the clerical regime has intensified both within Iran, mostly spearheaded
by the youth and abroad by Iranians living overseas. The Iranian people
have made every effort to bring about change through the ballot box.
In general, they are still hopeful that they can effect change through
peaceful means. The bulk of the opposition that is not affiliated with
any political group call them the Third or Secular Force - has emerged
as the possible savior of the nation.
Lacking leadership, to shape it into an effective political movement,
the Third Force initially coalesced around the reformists. This resulted
in the election, against all odds, of Mr. Khatami to the presidency three
years ago. Mr. Khatami a political unknown who had pledged to respect the
limited freedoms guaranteed under the Islamic constitution, was thrust
perhaps unknowingly into the midst of the reformist movement. Mr. Khatami
had promised a return to the rule of law, and this enough for the third
Force and, indeed, the majority of the Iranian electorate to give him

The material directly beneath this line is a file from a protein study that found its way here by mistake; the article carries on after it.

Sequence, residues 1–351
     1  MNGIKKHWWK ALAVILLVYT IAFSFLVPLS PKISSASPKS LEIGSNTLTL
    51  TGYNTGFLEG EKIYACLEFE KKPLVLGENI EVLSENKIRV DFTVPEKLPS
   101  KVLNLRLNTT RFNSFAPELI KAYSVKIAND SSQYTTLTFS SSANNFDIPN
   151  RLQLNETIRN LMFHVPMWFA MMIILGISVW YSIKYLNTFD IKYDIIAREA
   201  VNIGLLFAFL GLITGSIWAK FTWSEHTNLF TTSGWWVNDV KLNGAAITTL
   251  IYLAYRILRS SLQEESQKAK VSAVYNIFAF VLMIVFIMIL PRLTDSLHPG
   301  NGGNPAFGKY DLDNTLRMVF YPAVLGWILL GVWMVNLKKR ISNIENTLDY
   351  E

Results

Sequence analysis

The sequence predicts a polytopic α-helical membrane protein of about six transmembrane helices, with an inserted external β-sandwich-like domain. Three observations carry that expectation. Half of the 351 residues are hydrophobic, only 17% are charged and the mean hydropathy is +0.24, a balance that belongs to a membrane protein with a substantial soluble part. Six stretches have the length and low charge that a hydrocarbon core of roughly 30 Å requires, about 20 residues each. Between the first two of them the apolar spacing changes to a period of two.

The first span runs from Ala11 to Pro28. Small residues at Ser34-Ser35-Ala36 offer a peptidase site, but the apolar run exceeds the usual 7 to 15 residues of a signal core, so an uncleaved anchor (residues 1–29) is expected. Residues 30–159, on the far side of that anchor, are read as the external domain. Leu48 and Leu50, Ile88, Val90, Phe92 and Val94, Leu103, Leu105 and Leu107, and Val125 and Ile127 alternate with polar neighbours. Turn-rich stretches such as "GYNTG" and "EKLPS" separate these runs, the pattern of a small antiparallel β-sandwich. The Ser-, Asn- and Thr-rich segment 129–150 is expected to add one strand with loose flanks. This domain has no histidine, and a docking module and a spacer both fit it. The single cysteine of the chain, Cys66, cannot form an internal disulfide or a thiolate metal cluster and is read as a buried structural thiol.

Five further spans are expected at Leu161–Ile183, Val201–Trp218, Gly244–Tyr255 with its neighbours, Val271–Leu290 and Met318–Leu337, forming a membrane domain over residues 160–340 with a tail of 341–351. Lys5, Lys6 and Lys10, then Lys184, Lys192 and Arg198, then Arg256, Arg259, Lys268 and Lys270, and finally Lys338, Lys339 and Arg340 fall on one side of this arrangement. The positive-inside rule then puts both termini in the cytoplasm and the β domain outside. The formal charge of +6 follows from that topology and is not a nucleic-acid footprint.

their full support. Even though the people had no part in the nomination
process, they were wiling to take their chances with a seemingly moderate
candidate in order to win incremental steps toward the re-establishment
of a civil society.
During his three years in office, Mr. Khatami has not been able to deliver
on his promise. He has also failed to implement economic reforms and to
liberalize political participation. The exception for a while was the press.
For a few months, the print media's shackles were removed, and it flowered.
However, that too was short lived.
The highlights of Mr. Khatami's tenure in office can be summarized as
follows: a deepening of the economic crisis; a marked increase in political
assassinations; persecution and imprisonment of religious minorities; cruel
and bloody suppression of student demonstrators demanding freedom and democracy;
mass arrests of reporters and publishers; and the closing down of 25 opposition
newspapers. During this time, tension and competition between the "fundamentalist"
camp and the "reformist" camp reached a new high. In retrospect,
this was more a tactical power struggle than a strategic showdown. When
the peaceful student demonstrations, first at Tehran University and later
at Tabriz University, were brutally and. bloodily suppressed in the summer
of 1999, Aft Khatami sided with the rest of the reactionary fundamentalists
in denouncing and denigrating the student movement. It is important to
note that one of the main reasons for the demonstrations was to support
the ideals that Mr. Khatami had publicly espoused and had promised to deliver